"It's just frustrating," Laviolette said. "We were in a position to win a hockey game and we don't. We walk away. We're trying to chase down first in the division, first in the conference, and we're on the short end."
Flyers goaltender Ilya Bryzgalov made 33 saves, but it wasn't enough.
"I think generally speaking (Bryzgalov), and we, and our team could play better than we did," Laviolette said. "We had an opportunity to win a game and we didn't."
The victory moved the Rangers five points ahead of the Flyers in the Atlantic Division and three ahead of the Bruins in the Eastern Conference. The Rangers trail the Red Wings by one point in the overall standings, but have played three fewer games.
The Flyers struck for the tying goal, when Brayden Schenn escaped from the penalty box for a breakaway. He deked Rangers goaltender Henrik Lundqvist to the ice and lifted a backhand over him to make it 1-1 at 12:02 of the second period.
The goal ended Lundqvist's shutout streak at 182:37.
It appeared as though the game would be tied entering the third period, but an inspiring effort from Gaborik put the Rangers ahead.
After having a shot from the right wing stopped, Gaborik was mashed behind the net by Flyers defenseman Andrej Meszaros. Gaborik was down on his knees for several seconds, clearly in pain from the crushing hit in the period's waning seconds.
But the puck found Gaborik, who got to his skates, and with Meszaros draped on his back, beat Bryzgalov with a wraparound that made it 2-1 Rangers with 5.1 seconds left in the period with his 26th goal of the season.
"It's a (bad) goal," Tortorella said, speaking of how the backhander along the ice was very stoppable. "The thing I liked about it, he didn't give in. He got up. We were just looking at the tape. He asked for the puck again. He didn't stay down, and he gets rewarded. I thought he played really well."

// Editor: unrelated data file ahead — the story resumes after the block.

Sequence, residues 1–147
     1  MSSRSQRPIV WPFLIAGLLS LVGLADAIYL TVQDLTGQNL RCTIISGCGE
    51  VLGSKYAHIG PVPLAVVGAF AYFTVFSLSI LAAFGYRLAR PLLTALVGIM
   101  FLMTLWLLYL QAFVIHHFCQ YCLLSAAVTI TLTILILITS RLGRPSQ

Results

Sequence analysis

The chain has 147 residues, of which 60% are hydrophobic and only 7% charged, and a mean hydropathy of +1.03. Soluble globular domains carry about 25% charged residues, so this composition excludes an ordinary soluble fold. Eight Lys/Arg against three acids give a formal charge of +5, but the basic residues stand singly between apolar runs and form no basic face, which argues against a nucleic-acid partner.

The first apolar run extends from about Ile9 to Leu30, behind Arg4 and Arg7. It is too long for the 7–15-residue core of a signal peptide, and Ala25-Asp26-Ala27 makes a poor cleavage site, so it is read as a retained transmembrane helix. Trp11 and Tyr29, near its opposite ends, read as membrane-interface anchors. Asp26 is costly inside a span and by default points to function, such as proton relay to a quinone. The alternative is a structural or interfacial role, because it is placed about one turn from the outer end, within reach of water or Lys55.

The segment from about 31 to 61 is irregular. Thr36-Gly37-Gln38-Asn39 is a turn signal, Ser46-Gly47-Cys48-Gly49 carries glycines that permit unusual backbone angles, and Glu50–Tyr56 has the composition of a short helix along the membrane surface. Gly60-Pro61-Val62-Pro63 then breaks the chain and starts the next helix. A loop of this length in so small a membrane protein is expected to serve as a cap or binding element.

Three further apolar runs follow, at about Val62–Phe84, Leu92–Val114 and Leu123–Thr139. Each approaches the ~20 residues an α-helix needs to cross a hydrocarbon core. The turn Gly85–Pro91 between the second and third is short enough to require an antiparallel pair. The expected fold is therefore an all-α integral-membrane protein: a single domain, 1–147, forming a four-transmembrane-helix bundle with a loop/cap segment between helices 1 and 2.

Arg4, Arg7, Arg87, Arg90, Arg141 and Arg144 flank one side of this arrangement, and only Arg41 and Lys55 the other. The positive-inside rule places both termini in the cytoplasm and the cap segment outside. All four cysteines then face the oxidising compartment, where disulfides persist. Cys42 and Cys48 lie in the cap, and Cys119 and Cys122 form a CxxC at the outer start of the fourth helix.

The late goal didn't break the Flyers, as Simmonds tied the game at 2-2 with a power-play goal just 53 seconds into the third period.
But as has been the case all season, the Rangers didn't wilt when the going got tough.
Gaborik led a 3-on-2 rush that ended with a drop pass to defenseman Michael Del Zotto, who whipped a shot that squeezed through Bryzgalov 36 seconds after Simmonds' goal.
Del Zotto admitted he wasn't aiming for that spot, but he wasn't going to complain about a game-winning goal.
"Guys are going to make plays, so it's just a matter of finding the right opening and the right timing," Del Zotto said of joining the rush. "I happened to find one there and we got a goal out of it."
The Flyers had a chance to tie it when Brian Boyle was called for slashing at 9:25. The Flyers held the puck in the Rangers' zone for two straight minutes, but three blocks by Ryan Callahan, two saves by Lundqvist and a goal post prevented the Flyers from tying it.
Less than a minute later, Dubinsky made it 4-2 with his sixth of the season, and Ruslan Fedotenko iced it with an empty-net goal with 1:16 remaining.
"We have been neck and neck with those guys all year long," Dubinsky said. "Every game we've played against them has been physical, a playoff-type atmosphere and we knew it was going to be like that today. It's always a fun game against those guys."
Follow Dave Lozo on Twitter: @DaveLozo